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bills in a typical month. It is a part of society for which bank-issued credit is not an option as American Express does not bombard them with gold card offers, and in most cases Bank of America will not even grant them a checking account. Most of the heat and humidity outside has joined us inside of Spoke’s Park and Pawn. The clouded glass door opens, the rusted bell rings and in walks a gorgeous woman in a short, clingy dress and a humongous guy with dreads carrying a vinyl covered guitar case. In the case is an out-of-tune gleaming black guitar and painted on the back is a heart surrounded by a crown of thorns. Along with the guitar and case is a collection of how-to tapes and books. In Will’s place, eventually a story is told about why someone is selling their stuff – in this case, a musical career was planned that never panned out and a need for money overtook the woman’s musical dreams. Will & Co. took a quick look over the guitar and books, offered the couple a price that they took, and another happy lifelong customer walked out the door. In between customers, Spoke is boxing up items for eBay like an assembly line, weighing the box, packing the goods, and slapping a USPS pre-printed label on the outside to be picked up by the mail carrier, sometimes upward of 30 boxes a DAY. Both shop owners I met agreed: eBay is a huge source of income for all pawn shops and in most cases more is sold on eBay than in their stores. Plus, eBay is a ready source of current prices for just about anything. In Central Jewelry & Pawn I was told of a woman who brought in a sterling silver tea set she valued at $1,200. A quick look on eBay found that a similar set recently sold for just south of $500. As a result, the tea set was bought for $200. Before eBay, they all agreed, this sort of price shopping was impossible. A healthy but harried woman in her early 30s comes in to Spoke’s store after Will had left for the beach; Will Jr. takes care of her. She lays on the counter three very small silver necklaces, with crosses made of semi-precious stones. In a business-as-usual manner, Jr. takes the necklaces, eyes them under a jeweler’s loop, tosses one aside, and takes two to weigh on his scale. The numbers tickle upward ever so slightly as the necklace folds into a small bundle on the scale. Will Jr. quickly turns and apologizes, saying there really isn’t enough silver in her necklace to be worth much more than a couple dollars. Her demeanor quickly changes from one of nonchalance to quiet desperation. Not understanding Will Jr., she says she’ll take it. He clarifies by saying the necklaces are worth $3 at his price, meaning only about a dollar to her. She hears this but once again says, “Fine, whatever I can get.” With a small amount of patience left, Jr. says it’s really not worth it to fill out the paperwork, get thumbprints, take down a driver’s license, and report it to the police for a potential profit of $2. Not hearing and with the desperation in her voice growing, she says she understands but would still like to sell the chains. Will Jr. realizes the situation she must be in, and with a touch of exasperation reaches back and pulls $3 from the cash register, and without taking the chains he hands her the money. U Reach Todd at email@example.com For more info go to uptownclt.com www.uptownclt.com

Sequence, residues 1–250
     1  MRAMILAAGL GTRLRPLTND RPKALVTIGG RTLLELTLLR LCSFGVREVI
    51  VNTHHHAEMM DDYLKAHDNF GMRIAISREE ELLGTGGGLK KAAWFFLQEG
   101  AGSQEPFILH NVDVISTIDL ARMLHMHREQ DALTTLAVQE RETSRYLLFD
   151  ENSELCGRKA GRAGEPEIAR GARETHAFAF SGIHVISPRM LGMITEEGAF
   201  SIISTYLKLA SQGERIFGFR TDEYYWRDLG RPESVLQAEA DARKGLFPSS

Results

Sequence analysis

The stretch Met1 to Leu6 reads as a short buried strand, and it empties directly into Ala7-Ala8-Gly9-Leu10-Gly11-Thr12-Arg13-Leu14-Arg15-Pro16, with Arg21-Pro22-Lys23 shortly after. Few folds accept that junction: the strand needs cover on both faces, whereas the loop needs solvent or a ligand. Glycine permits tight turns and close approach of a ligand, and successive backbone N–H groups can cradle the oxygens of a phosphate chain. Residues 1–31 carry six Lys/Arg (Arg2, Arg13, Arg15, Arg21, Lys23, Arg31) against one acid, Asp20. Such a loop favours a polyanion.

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words & pictures: sam boykin
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llenora Barker stands by her man. When her husband, Andy, announced he wanted to build his very own old-fashioned Western town, she told him it sounded like a great idea. And when he sold his share of a successful construction company and moved the family from their comfy life in Charlotte to a remote and overgrown stretch of land in North Carolina’s Brushy Mountains, Ellenora went along with it. And when Andy built a tiny shack next to the horse stables for the Barker clan to sleep in, including two little kids, she never complained. “I tell these young girls today that they have to put their husbands first,” said Ellenora, 88. “I go along with what my husband wants.” Today, some 56 years after they left Charlotte, Ellenora is still queen to Andy’s king, and they preside over a surreal little town called Love Valley, population 117.
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bout an hour northwest of Charlotte in Iredell County, Love Valley looks like an Old West film set. But everything is real, including the piles of horseshit along Main Street, the saloons, the blacksmith shop and the general store, as well as the residents’ desire to keep the town vital yet still authentic. It’s a goal that has met with mixed results over the years, and is further threatened by the fact that Andy and Ellenora, the town’s founders — its heart and soul — won’t be around much longer. “As long as they’re still alive, Love Valley will be OK,” said Iredell County Sheriff’s Deputy Tommy Adams, who helps keep order in the town. “But when they go, it might be in trouble.” But Love Valley has a savior, one who is just as comfortable atop a horse as she is a surfboard. Although her return to Love Valley in 2005 was marred by tragedy, she���s determined to stay there and “finish what her grandpa started.”